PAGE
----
CSI: Miami--'Chain Reaction'

By Kristine Huntley
Posted at November 14, 2007 - 1:51 AM GMT

See Also: 'Chain Reaction' Episode Guide

Synopsis:

Model Alisha Reilly is electrocuted to death at a fashion show, and the CSIs quickly determine her death was no accident. Their top suspect is the lighting technician, Terrence Kerr, until they discover red hair from Juliana Ravez, one of the other models, beneath the stage. Juliana claims she hooked up with Terrence in order to ensure she'd get good lighting during the show. The CSIs are surprised to learn that Alisha was married to Joe LeBrock, an inmate with a grudge against Horatio. When Horatio questions Joe, he makes a veiled threat against Horatio's son, Kyle, and the man Horatio asked to look out for him, Oscar. Horatio warns them both. The CSIs learn that Joe had a visit from his son, Scott, but when they learn the FBI is investigating Scott, Natalia is called upon to use her FBI connections to find out why Scott is under investigation. She isn't able to discover why, but Natalia is able to get surveillance tapes out of her contact Agent Farallon.

Calleigh and Delko go over Alisha's clothes and are surprised to discover heroin embedded in the metallic fabric. They corner the designer, Gavin Hauer, and find his lab. He admits to them that he has been smuggling drugs for Joe LeBrock. Horatio goes to the prison to confront LeBrock only to see Oscar killed before his eyes by a land mine. Delko finds a sim card from a cell phone among the debris, and when the inmates' cells are searched, a phone is found in Kyle's bed. Kyle claims he has no idea how the phone got there. Delko goes over the entire wardrobe from the fashion show and finds a platinum string missing from Juliana Ravez's dress and concludes that it was the platinum string used as a conductor to kill Alisha Reilly. Calleigh and Delko confront the model, who admits she killed Alisha when she learned Alisha was going to blow the whistle on the smuggling operation. She did it without Joe's knowledge; she wanted him for herself.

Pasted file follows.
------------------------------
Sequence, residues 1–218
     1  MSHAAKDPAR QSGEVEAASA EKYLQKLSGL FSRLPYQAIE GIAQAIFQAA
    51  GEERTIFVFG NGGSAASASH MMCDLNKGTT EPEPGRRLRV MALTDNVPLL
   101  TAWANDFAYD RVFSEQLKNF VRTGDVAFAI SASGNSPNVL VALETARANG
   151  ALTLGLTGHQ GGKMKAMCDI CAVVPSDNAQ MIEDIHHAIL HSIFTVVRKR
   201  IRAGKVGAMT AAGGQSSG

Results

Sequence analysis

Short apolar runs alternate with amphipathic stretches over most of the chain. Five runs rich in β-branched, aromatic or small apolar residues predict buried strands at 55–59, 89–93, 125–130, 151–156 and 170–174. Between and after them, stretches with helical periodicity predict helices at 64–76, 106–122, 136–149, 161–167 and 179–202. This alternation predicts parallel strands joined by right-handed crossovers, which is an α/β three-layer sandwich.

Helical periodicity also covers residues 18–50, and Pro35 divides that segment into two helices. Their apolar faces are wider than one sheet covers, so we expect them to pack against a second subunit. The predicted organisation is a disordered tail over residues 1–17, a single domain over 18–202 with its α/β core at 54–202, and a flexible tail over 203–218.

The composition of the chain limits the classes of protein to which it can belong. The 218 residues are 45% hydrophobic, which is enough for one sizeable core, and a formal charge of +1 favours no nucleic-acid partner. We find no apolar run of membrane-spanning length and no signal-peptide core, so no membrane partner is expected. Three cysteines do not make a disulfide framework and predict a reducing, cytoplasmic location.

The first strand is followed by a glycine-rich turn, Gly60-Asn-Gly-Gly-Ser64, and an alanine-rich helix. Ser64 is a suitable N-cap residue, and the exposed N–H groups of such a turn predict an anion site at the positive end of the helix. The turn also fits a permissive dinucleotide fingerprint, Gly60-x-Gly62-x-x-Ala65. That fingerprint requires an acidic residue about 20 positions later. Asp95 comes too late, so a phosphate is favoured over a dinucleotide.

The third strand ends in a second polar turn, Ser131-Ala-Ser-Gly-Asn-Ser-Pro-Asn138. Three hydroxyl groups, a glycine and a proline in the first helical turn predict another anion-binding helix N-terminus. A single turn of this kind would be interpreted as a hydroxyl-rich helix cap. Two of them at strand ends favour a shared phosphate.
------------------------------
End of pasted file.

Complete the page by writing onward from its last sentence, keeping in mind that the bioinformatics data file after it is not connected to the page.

Horatio learns that Kyle lied to him about the phone when he finds calls on it made to Kyle's mother in Pensacola. Kyle admits Joe gave him the phone as a peace offering. Horatio is able to find the inmate who LeBrock got to sneak into Kyle's cell and detonate the bomb with the phone, but he won't testify against LeBrock. Rebecca Nevins is determined to go ahead with charging Kyle with the murder, with LeBrock as a witness against him. Ryan and Natalia find the key: video footage from the FBI revealing Scott LeBrock trying to entice a little boy into his car. He's a pedophile, and when Horatio confronts Joe with the evidence, he reminds him that pedophiles--and their relatives--are at the bottom of the food chain in jail. Joe folds, refusing to identify Kyle in court as the one he gave the cell phone to.

Analysis:

Is it possible to be related, either by blood or marriage, to Horatio Caine in some way and not find yourself in trouble? Probably not, and young Kyle Harmon is finding that out the hard way. In "Inside Out", Kyle was kidnapped by an inmate striking back at his father; this time around, he's framed for murder by that same inmate. Kyle might be a more interesting character if he were something more than a pawn used to get at Horatio; at this rate, we're only seven episodes in and the kid has been in jeopardy three times. Two of those were at the hands of someone trying to get back at his father. Why introduce the character at all if his only purpose is to be used against Horatio? Surely there are more interesting ways to frustrate the CSI team's fearless leader.